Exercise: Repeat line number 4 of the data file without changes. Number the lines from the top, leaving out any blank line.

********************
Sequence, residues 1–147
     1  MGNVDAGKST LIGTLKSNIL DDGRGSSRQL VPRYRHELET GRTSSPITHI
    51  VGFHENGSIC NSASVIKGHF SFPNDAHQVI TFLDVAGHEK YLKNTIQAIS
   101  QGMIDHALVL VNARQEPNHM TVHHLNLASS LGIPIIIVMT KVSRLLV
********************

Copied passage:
   101  QGMIDHALVL VNARQEPNHM TVHHLNLASS LGIPIIIVMT KVSRLLV